THE DEVILíS BACKBONE (R)
Sony Pictures Classics Official Site
Director: Guillermo Del Toro
Producers: Augustine and Pedro Almodovar
Written by: Guillermo Del Toro, Antonio Trashhorras, David Munoz
Cast: Eduardo Noriega, Marisa Paredes, Federico Luppi, Inigo Garces
Rating: out of 5
In many foreign films, the viewer (at least, the American viewer) has a tendency to feel like an outsider. Watching the works of many a French artiste, I have been
haunted by a vague uneasiness that can only be likened to a tourist lost in Paris, vainly searching for a bathroom hidden by signs reading ďau de vue del la grange
poisson fromage!Ē I think itís the culture thing. When we, as Americans, pepper our films with such phrases as ďYou go, girlĒ and ďAinít no thing,Ē I guarantee you
there is a confused Korean out there thinking, ďGo where?Ē and ďWhat is no thing?Ē Itís the same way for us. In a good deal of the overseas films, we the people
are not equipped, culturally, to truly ďgetĒ whatís going on. Iím convinced thatís why I donít understand Godard. Rounding third and zeroing in on my point, this
ďcultural barrier,Ē as it were, is the case in, letís say, 95% of all foreign films. That, naturally, leaves a scant 5% that manage to break through the various divides
and embankments, uniting us into one big happy global community, you know, until another war starts. This select few include varied fare from DAS BOOT to
CROUCHING TIGER, HIDDEN DRAGON to the recent hit, AMELIE. The common thread here is a universality of themes that appeals to everyone, not just
those in a specific country. And to this list, Iíd like to add THE DEVILíS BACKBONE, a fine example of a good story told well that just happens to be in a
THE DEVILíS BACKBONE is one gritty, grimy piece of work. The movie begins with our protagonist, a young boy named Jaime (played maturely by Inigo
Garces), beginning his stay at a Catholic mission-turned-school for orphans. Itís the middle of World War II; fear hangs over the place like so much tinsel. Jaime
isnít real pleased about being at the school (Would you be?) and things only get worse when he finds out that heís sleeping in the bed of the recently dead kid. Of
course, being a bit of a horror tale, the dead kidís ghost is back for revenge on the man/woman/people that killed him (no spoilers here, folks). The thing that
makes this more than a south-of-the-border SIXTH SENSE is the innate humanness of it all. There is a quite touching love story underneath all the scares (the
headmistress and the professor, both older, both aching for fulfillment), and the children in the movie all have a haunted feel about them, each one knowing way too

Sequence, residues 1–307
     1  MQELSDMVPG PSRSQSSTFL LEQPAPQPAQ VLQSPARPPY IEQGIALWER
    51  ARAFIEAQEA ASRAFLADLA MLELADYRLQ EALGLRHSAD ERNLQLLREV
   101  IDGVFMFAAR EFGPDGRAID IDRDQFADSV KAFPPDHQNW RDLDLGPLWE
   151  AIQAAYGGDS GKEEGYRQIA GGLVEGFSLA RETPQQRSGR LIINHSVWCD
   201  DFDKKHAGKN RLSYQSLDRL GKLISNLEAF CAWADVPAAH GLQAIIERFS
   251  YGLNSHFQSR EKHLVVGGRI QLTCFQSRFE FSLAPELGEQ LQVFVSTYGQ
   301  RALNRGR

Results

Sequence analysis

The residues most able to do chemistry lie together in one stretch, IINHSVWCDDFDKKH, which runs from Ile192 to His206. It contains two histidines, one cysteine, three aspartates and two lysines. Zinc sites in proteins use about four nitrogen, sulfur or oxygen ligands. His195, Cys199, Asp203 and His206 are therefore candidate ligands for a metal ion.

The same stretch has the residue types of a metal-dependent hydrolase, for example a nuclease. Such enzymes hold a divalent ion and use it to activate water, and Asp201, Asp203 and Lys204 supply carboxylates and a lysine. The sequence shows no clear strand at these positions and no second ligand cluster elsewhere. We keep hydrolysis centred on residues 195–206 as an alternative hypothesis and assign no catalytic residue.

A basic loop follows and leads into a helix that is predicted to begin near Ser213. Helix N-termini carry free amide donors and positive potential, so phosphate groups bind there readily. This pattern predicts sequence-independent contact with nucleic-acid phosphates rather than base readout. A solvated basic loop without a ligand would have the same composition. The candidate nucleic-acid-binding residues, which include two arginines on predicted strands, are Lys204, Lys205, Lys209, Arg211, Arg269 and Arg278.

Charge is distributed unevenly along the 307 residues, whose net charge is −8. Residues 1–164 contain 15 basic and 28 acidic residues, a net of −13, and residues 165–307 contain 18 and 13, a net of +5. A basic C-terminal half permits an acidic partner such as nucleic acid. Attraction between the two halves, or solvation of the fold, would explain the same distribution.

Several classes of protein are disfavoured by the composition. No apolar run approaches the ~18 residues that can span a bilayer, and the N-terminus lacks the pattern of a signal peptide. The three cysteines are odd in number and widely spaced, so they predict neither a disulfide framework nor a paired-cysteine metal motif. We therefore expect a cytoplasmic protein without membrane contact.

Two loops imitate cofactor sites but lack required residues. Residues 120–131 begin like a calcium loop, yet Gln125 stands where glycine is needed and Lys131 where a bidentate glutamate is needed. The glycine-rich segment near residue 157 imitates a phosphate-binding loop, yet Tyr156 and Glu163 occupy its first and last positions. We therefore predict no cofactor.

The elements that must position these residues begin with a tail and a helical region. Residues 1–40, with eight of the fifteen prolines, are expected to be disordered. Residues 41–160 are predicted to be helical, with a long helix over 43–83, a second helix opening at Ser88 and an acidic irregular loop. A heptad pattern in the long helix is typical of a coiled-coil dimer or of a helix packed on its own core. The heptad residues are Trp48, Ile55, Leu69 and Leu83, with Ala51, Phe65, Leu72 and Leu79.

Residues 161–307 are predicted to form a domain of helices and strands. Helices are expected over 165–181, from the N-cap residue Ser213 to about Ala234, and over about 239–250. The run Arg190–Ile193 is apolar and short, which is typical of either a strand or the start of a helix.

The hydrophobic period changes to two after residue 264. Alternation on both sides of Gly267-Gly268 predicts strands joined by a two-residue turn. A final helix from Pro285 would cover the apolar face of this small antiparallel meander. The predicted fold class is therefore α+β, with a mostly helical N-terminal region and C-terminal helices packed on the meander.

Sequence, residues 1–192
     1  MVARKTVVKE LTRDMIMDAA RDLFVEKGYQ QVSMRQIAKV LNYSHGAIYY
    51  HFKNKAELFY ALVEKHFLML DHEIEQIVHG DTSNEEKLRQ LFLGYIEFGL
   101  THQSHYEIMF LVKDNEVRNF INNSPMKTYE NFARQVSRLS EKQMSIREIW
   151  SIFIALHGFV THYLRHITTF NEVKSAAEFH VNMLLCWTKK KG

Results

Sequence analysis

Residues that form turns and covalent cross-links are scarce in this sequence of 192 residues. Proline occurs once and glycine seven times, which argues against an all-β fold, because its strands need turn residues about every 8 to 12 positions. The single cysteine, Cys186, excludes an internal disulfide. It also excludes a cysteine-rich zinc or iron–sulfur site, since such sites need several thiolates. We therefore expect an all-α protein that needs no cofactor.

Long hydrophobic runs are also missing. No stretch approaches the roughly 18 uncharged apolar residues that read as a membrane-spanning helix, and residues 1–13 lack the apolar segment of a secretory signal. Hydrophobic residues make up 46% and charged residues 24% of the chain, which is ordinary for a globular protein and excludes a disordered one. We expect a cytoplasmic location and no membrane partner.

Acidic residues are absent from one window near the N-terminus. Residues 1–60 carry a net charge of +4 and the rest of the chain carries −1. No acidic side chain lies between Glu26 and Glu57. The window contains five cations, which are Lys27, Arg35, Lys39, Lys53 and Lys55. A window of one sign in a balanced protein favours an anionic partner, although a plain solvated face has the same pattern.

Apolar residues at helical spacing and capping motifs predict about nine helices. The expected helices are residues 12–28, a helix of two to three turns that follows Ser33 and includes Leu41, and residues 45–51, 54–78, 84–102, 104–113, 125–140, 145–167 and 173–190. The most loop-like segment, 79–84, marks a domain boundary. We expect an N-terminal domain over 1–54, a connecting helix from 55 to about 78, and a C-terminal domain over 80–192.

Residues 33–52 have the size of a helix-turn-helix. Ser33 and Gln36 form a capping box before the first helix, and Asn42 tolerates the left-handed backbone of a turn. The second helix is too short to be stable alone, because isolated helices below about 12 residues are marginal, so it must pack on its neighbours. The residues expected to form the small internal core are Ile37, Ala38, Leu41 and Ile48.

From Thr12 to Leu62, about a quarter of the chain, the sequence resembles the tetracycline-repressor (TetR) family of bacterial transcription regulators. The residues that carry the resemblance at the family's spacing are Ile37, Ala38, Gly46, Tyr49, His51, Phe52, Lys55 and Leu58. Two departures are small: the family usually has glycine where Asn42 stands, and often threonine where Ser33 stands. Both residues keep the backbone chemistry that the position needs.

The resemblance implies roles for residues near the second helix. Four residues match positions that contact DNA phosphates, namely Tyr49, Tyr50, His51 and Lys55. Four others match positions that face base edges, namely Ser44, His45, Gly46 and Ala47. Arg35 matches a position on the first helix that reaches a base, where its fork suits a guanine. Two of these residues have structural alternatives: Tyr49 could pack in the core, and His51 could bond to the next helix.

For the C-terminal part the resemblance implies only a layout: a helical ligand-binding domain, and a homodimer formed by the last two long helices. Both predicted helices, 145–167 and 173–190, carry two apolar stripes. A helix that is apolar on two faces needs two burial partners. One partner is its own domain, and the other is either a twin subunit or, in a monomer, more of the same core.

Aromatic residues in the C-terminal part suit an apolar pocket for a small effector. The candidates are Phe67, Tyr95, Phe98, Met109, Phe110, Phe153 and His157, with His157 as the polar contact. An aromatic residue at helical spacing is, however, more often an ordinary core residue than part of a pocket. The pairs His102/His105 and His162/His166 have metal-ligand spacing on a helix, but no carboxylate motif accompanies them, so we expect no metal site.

much for their age. The thing that surprised me the most about THE DEVILíS BACKBONE is how it didnít feel like just another ghost story. Itís really a war
movie with ghosts as a metaphor, ground also tread in last yearís superb THE OTHERS.
Beyond plot matters, I also want to point out that this is one of the more beautiful movies, as far as cinematography goes, that Iíve seen in a long time. All
golden-hued and sun-drenched, it feels like hellish version of the IL POSTINO scenery. The direction, too, is quite good. Guillermo Del Toro, a man known
mainly for a barely passable Giant Bug movie (MIMIC) and his upcoming treatment of a decent vampire flick (BLADE II) and proves here that he is much more
than a genre director. Also, itís quite apparent that, when left to his own devices, he can produce some quality work. Be warned though: This is not a movie for the
faint of heart. It is, in some parts, horribly violent, in particular toward the children who live in the mission. Thereís one part involving a child and a broken ankle
that made me want to hide under the seats for the rest of the picture.
It all boils down to the movie's ability to speak to the audience as a whole, not just to a certain kind of people, and this does so admirably. Maybe itís because Del
Toro has been working for so long in the American idiom that heís become more adept at speaking our cinema than Iím giving him credit for. But for whatever the
reason, THE DEVILíS BACKBONE will touch you more than any number of films by Bresson or Fellini. Watching it, it just makes that sign to the bathroom
suddenly very clear.
Take a pal and pay full price for both tickets.
Itís worth a full-price ticket.
Itís worth a matinee ticket.
Wait for video rental.
Check out the video from the library, if you must.
While we would never encourage anyone to destroy a video...